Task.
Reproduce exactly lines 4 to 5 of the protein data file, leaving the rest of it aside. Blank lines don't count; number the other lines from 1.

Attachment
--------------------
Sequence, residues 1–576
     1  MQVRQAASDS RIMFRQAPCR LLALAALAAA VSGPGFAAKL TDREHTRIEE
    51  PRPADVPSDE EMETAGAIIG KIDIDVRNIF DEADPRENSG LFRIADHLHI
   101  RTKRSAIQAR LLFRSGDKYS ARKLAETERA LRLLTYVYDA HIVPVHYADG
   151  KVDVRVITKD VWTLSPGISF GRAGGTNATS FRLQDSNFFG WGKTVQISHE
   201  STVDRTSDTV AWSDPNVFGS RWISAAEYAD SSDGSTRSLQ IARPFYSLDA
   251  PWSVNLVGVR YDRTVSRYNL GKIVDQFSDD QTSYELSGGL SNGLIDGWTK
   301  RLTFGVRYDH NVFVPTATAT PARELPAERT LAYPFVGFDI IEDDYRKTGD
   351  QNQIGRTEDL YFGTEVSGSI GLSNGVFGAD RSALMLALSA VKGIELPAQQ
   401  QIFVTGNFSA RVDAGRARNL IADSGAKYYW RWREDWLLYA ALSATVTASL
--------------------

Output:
   101  RTKRSAIQAR LLFRSGDKYS ARKLAETERA LRLLTYVYDA HIVPVHYADG
   151  KVDVRVITKD VWTLSPGISF GRAGGTNATS FRLQDSNFFG WGKTVQISHE